For all his shortcomings, Thomas Jefferson, writing in mid-1816, takes a long view of human self-governance: “[L]aws and institutions must go hand in hand with the progress of the human mind.” And he continues, “As [the human mind] becomes more developed, more enlightened, as new discoveries are made, new truths disclosed, and manners and opinions change with the change of circumstances, institutions must advance also, … Continue reading How the Toothbrush Mirrors Societal Progress: An Oral History
In the summer of 2014, aid workers descended upon West Africa as the underdeveloped health systems of Guinea, Liberia and Sierra Leone struggled to contain a rapidly spreading Ebola outbreak. A few months later, just out of graduate school, I would join the fight in Sierra Leone. I arrived in the country a few weeks after the peak of the outbreak. The impact of Ebola … Continue reading Medicine Alone Can’t Beat Diseases. We Need Stories Too.
As by a carnival mirror, the greatest villains reflect our most enduring and compelling heroes. Our heroes often are brought face-to-face with that which they so easily could have been. If the rope of recovery had had one less thread, they themselves could have snapped and become a rogue in someone else’s gallery. This potential alternative existence can prove unnerving at first, but as our … Continue reading Overcoming Childhood Trauma and Other Heroic Lessons from The Dark Knight
My iPhone is ringing. There’s the briefest moment of distaste upon the realization that it is someone who could have easily texted instead, thereby avoiding my having to actually take the time to speak to the person. This is a far-cry from remembered days at sixteen years old wishing for the house phone to ring for me. What exactly has changed? Recently, I found myself … Continue reading Lost Communication in a Completely Connected World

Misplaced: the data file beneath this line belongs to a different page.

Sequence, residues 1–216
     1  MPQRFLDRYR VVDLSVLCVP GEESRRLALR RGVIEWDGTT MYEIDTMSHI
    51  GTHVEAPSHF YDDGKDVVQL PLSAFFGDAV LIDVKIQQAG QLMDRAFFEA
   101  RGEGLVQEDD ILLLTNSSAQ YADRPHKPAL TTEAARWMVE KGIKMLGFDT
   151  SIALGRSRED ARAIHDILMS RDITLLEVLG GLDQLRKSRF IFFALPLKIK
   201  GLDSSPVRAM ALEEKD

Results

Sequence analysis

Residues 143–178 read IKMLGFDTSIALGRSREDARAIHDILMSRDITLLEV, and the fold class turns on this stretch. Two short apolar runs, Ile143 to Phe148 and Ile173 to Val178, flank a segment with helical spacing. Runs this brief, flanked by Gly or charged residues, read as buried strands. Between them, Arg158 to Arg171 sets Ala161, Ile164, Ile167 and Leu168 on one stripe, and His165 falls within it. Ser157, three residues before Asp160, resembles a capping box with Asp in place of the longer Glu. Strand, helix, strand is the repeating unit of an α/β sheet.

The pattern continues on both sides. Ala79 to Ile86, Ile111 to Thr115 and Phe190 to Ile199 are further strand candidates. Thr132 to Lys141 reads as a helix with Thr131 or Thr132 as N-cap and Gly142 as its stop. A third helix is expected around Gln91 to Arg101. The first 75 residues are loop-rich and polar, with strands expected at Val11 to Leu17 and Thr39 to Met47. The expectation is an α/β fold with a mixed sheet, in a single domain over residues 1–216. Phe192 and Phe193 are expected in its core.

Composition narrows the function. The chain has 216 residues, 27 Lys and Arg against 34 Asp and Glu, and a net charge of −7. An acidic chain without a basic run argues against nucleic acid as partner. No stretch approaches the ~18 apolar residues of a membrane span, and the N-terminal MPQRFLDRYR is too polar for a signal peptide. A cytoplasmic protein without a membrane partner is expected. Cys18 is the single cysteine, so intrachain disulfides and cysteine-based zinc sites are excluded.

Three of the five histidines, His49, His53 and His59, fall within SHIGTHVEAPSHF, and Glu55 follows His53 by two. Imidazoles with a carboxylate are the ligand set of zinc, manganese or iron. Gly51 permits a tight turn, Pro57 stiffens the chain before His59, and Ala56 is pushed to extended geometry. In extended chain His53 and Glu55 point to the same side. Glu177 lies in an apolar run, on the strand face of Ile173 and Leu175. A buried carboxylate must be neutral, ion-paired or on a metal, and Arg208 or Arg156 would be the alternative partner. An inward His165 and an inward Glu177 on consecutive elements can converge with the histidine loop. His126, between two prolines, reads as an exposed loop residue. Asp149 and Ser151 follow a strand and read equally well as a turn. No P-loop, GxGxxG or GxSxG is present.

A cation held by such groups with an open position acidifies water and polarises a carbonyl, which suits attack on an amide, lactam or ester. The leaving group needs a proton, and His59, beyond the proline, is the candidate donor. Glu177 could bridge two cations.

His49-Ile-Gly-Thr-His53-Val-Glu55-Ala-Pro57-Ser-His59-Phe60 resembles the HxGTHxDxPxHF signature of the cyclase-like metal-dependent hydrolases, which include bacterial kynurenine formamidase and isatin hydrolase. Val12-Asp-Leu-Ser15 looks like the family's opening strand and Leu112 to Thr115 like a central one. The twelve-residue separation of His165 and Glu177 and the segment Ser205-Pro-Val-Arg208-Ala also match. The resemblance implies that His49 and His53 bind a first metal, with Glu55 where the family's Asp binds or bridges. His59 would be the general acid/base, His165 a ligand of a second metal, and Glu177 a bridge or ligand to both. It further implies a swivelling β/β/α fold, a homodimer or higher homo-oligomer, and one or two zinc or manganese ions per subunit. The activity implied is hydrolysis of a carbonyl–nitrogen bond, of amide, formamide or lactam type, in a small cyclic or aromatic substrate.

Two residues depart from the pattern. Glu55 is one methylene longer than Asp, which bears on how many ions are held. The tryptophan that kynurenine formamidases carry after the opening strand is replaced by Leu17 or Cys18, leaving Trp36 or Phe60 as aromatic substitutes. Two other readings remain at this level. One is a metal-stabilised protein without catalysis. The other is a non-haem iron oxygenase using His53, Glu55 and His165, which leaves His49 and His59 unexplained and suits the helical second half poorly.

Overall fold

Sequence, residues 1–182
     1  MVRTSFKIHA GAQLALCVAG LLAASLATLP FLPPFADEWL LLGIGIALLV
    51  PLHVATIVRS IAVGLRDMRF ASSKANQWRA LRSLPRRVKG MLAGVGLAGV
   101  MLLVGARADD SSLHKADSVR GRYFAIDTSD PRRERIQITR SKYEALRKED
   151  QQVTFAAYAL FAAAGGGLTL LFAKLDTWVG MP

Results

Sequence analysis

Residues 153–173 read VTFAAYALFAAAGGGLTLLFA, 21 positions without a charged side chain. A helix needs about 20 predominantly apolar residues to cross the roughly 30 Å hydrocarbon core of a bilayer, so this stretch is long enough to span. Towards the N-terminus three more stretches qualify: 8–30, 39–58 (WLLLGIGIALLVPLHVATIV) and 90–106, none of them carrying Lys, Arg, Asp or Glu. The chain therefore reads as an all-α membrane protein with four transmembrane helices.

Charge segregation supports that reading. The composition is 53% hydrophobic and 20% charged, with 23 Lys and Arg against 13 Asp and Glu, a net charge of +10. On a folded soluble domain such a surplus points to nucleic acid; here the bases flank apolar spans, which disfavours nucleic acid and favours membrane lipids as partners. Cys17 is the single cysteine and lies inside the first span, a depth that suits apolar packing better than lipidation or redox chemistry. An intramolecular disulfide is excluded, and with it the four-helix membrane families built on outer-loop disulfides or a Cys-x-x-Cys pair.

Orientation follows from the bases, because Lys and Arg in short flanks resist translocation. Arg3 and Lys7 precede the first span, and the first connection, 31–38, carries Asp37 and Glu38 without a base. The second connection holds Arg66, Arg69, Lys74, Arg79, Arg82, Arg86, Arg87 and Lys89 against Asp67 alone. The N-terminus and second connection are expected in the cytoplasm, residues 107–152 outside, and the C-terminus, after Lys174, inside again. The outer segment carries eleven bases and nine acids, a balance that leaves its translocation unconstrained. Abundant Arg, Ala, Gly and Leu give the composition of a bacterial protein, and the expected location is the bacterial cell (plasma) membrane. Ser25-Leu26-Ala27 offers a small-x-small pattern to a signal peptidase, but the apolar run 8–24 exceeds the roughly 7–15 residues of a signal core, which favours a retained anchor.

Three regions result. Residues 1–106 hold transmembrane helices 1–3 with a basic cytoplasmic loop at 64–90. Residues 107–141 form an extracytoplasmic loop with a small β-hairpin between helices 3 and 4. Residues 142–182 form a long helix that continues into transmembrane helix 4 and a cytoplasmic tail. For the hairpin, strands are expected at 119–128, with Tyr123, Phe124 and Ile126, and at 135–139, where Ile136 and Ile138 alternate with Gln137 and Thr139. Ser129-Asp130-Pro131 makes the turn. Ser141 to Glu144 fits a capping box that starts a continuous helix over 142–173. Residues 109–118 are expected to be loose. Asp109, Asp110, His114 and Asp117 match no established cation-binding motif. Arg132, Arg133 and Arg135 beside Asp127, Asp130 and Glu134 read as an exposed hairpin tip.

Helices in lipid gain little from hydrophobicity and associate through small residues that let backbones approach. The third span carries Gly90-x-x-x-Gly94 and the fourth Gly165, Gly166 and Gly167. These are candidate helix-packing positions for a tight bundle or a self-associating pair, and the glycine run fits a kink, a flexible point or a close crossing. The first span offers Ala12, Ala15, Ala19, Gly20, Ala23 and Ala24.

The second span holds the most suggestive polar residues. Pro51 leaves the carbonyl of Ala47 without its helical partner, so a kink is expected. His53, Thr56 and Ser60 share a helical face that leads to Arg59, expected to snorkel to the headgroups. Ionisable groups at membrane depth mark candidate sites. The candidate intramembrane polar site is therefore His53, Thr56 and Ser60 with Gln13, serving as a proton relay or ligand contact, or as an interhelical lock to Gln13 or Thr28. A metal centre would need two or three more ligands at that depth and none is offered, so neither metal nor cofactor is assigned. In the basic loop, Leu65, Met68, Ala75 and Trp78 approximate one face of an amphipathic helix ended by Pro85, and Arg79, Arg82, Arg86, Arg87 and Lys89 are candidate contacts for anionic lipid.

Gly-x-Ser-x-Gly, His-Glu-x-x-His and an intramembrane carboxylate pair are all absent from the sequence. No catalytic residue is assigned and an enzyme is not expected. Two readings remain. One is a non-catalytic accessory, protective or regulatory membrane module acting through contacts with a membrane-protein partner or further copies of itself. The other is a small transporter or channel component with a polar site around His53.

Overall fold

Media critic Jason Tocci explores the etymological evolution of the terms “geek” and “nerd” from adolescent insults to proud self-descriptors. He argues that with the growing dependency on technology and the staggering revenue generated from sci-fi movies and conventions, geeks are no longer the outsiders they were in decades past. When a population reclaims the terms once hurled at them in negativity as a positive … Continue reading Geek Culture is Mainstream, But Geek Girls Remain Left Behind
One popular theory explaining the rise of Donald Trump is that runaway political correctness provoked a mass reaction that propelled the least politically correct presidential candidate in history to electoral victory. The (mostly white) masses, tired of hearing about transgender bathroom issues, exhausted by black/white rhetoric, and feeling threatened by the increasing regularity of “thought policing”, elected a man who rejected the identity politics of … Continue reading The 3 Faces of Political Incorrectness
“To die would be an awfully big adventure” crows Peter Pan, the cocky paragon of eternal youthfulness and fairytale flights. Peter Pan has become one of the most recognizable fictional characters since he first appeared in a section of J.M. Barrie’s book The Little White Bird in 1902 and later took center stage in the December 1904 London premiere play of Peter Pan, or the … Continue reading Peter Pan, Existentialist Fairy Tale?
At the beginning of February, more than 100 million people will tune into Super Bowl LI to watch the Falcons face the Patriots. Another 72,000 will be in attendance at the NRG Stadium in Houston. Nearly 1/3 of the U.S. population will watch the same game at the same time cheering on players they’ve never met. Some will glance up with passing interest. Others will … Continue reading How Sports Bridge Our Cultural Divisions
Netflix recently released the second season of Full House sequel Fuller House to the delight of many millennials and Gen Xers across the country who grew up with the original. Girl Meets World, the offspring of ABC’s popular ‘90s show Boy Meets World, is currently airing its third season on Disney Channel, introducing a new audience to the quirky but kind Matthews family. The X-Files … Continue reading Reboots, Remakes, Revivals: Nostalgia in the Streaming Era
When conjuring up a still-frame of “man vs. nature,” one may imagine a musher dog sledding across a frozen tundra or a pioneer trailing through desolate badlands or a voyager floating down the Congo River into Conrad’s The Heart of Darkness. Yet, no one pictures the Hillsgrove Township of Sullivan County, Pennsylvania. In this small upstate township, the 186-foot-long Hillsgrove Covered Bridge spans the Loyalsock … Continue reading What the Covered Bridge Reveals About Our Struggle Against Nature